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Table Of Contents

Printing History
How to Use this Guide
Typographic Conventions
Overview of Your System
Multi-User Systems
Trusted Systems
Logging In and Out of HP-UX
Logging In
Figure 1-1 Type your user name at the login prompt
Using HP-UX Commands
Logging Out
Modifying System Parameters
Changing Your Password
Finding Information
Online Documents
Manual Reference Pages
Creating a File
Listing Files
Naming Files
Guidelines for File Names
Invisible File Names
Viewing and Printing Files
Viewing a File with more
Removing Files with rm
Comparing the Contents of Two Files
Joining Two Files
Understanding a Directory Hierarchy
Figure 2-1 A Typical HP-UX Directory Structure
Figure 2-2 A System Directory Structure
Determining Your Location in an HP-UX Directory Hierarchy
Figure 2-3 The HP-UX Directory Structure
Figure 2-4 Leslie's Home Directory
Specifying Files and Directories
Absolute Path Names
Figure 2-5 Absolute Path Names
Relative Path Names
Figure 2-6 Relative Path Names from /home/engineers/leslie
Creating Directories
Figure 2-7 Creating the “projects” Directory
Figure 2-8 Structure after Creating New Directories
Changing Your Current Directory
Figure 2-9 Effect of Various “cd” Commands
Moving and Copying Files between Directories
Moving Files
Copying Files
Copying Directories
Removing Directories
Removing a Directory with rmdir
Figure 2-10 The “projects” Directory Structure
Removing Everything with rm -rf
File Name Shorthand: Wildcard Characters
The * Wildcard
The ? Wildcard
Using the * Wildcard Character with mv, cp, and rm
Searching for Text Patterns using grep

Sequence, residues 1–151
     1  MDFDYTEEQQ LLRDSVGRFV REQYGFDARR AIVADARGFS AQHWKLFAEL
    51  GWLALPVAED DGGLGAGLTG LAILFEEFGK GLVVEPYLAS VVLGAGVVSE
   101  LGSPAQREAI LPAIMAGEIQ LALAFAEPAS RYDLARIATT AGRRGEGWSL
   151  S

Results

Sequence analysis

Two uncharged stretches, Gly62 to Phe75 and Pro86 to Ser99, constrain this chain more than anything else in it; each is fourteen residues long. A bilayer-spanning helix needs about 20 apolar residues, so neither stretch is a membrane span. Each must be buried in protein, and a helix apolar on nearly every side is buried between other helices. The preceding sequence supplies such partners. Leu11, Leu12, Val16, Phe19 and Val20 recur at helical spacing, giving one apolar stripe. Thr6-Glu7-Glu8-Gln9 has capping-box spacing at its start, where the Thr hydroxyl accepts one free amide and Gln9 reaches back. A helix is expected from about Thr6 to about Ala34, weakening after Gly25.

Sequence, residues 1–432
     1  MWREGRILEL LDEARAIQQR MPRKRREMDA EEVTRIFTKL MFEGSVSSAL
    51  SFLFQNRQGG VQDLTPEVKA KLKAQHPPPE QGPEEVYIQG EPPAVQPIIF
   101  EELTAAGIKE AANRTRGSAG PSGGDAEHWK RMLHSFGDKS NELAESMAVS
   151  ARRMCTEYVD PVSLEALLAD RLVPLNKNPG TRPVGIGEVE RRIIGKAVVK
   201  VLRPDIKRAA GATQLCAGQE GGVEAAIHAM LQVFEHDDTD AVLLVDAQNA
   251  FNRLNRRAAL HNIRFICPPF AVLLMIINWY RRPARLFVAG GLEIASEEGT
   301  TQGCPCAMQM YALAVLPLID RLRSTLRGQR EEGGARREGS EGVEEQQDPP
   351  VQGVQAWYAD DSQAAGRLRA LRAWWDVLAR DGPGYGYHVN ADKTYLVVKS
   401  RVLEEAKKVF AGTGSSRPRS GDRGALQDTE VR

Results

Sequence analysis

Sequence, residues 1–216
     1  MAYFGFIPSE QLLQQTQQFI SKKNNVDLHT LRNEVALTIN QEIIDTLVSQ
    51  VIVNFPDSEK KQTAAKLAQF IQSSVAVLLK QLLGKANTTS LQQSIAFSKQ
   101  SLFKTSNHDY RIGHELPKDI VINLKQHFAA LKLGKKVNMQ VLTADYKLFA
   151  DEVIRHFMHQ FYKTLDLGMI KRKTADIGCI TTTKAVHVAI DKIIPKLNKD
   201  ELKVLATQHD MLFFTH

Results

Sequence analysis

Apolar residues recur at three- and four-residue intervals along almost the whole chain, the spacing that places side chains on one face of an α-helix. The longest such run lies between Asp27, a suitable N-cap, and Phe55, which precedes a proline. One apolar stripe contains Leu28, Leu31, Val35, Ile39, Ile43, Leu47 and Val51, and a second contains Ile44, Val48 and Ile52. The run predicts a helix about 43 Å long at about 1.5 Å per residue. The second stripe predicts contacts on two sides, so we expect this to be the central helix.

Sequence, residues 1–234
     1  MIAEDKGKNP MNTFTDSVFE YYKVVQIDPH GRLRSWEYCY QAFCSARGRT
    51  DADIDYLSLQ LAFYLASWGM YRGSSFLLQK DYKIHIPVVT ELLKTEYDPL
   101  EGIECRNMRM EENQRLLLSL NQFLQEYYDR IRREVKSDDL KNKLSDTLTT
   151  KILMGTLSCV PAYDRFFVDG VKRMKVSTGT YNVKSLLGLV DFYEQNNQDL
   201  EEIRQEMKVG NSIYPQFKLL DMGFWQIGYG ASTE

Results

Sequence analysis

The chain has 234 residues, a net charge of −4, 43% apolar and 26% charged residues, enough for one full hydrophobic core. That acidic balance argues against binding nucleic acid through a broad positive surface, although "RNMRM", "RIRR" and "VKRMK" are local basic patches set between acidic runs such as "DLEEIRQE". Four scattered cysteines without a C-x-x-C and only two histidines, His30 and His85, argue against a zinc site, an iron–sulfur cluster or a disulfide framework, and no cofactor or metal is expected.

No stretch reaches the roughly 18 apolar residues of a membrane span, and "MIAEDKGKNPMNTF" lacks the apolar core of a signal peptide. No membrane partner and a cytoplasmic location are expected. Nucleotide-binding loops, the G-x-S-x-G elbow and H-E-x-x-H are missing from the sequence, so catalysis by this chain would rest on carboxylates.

Searching a File for a Text String
Searching Multiple Files
Searching for Files using find
Finding Files that Match a Pattern
Finding Files that are Newer than a Certain File
Running Commands on Files
Using Logical Operators
Chapter Command Summary
Understanding Command Syntax
Examples Using Options
Examples Using Arguments
Enclosing Arguments in Quotes
Running Multiple Commands on the Same Command Line
Understanding Processes
How Processes are Created
Stopping a Process with kill
Writing Standard Output to a File
Using Files for Standard Input
Redirecting Both Standard Input and Standard Output
Figure 3-4 Redirecting Both Input and Output
Piping Command Output and Input
Figure 3-5 Standard Input and Output with Pipes and tee Command
Shell Features: Determining and Changing Your Shell
Table 3-1 Comparison of Shell Features
Determining Your Login Shell
Table 3-2 Shell File Names and Default Prompts
Temporarily Changing Your Shell
Permanently Changing Your Shell
Editing the Command Line
Using vi Line Editing Commands
An Example of Line Editing with the vi Command Set
Recalling Previous Commands
For More Information…
Setting the Login Environment
The login Program
Environment Variables
Using Login Scripts to Set the System Environment
Why Use Login Scripts?
A Summary of Login Scripts
Table 3-3 Shells and Their Login Scripts
Setting and Referencing Variables
Assigning Values to Variables
Referencing the Values of Variables (Parameter Substitution)
Finding Commands with Search Paths
PATH Variable Format
Changing PATH
Setting PATH as an Environment Variable
Setting Terminal Characteristics
Selecting a Value for the TERM Variable
Setting TERM with the tset Command